The excavations at Hadrian’s Athenaeum in Rome's Piazza Venezia were unveiled earlier this week.
Excavation director Rossella Rea told The Guardian
that the recently completed excavation of Hadrian’s Athenaeum, a massive arts center built in 123 C.E., is “the biggest find in Rome since the Forum was uncovered in the 1920s.” The three massive performance halls in Piazza Venezia were uncovered in preparation for the construction of a new underground railway in Rome, and visitors will soon be able to visit the brick-walled and marble-floored structures. The site fell into disrepair after the collapse of the Roman Empire, but the performance space–which would have been used for poetry, speeches and philosophy–serves as a reflection of Hadrian’s passion for the arts and Roman example of the large-scale building projects that he financed across the broader empire.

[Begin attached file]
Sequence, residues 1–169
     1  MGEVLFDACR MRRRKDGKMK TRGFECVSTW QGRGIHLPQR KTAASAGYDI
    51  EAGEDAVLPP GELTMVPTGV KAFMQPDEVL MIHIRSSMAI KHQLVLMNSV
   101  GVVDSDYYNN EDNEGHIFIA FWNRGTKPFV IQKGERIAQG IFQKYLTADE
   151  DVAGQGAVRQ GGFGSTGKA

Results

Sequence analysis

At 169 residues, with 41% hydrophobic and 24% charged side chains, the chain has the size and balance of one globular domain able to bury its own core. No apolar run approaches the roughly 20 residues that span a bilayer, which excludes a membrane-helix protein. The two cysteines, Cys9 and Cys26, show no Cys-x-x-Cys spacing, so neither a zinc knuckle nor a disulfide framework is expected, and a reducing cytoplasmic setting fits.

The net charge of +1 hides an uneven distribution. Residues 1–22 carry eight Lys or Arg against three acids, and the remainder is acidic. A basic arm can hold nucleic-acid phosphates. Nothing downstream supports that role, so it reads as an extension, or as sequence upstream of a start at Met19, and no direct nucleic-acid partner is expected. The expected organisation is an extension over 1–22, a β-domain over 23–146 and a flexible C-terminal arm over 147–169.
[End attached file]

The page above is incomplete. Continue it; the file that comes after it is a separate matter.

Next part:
Read more in The Guardian.
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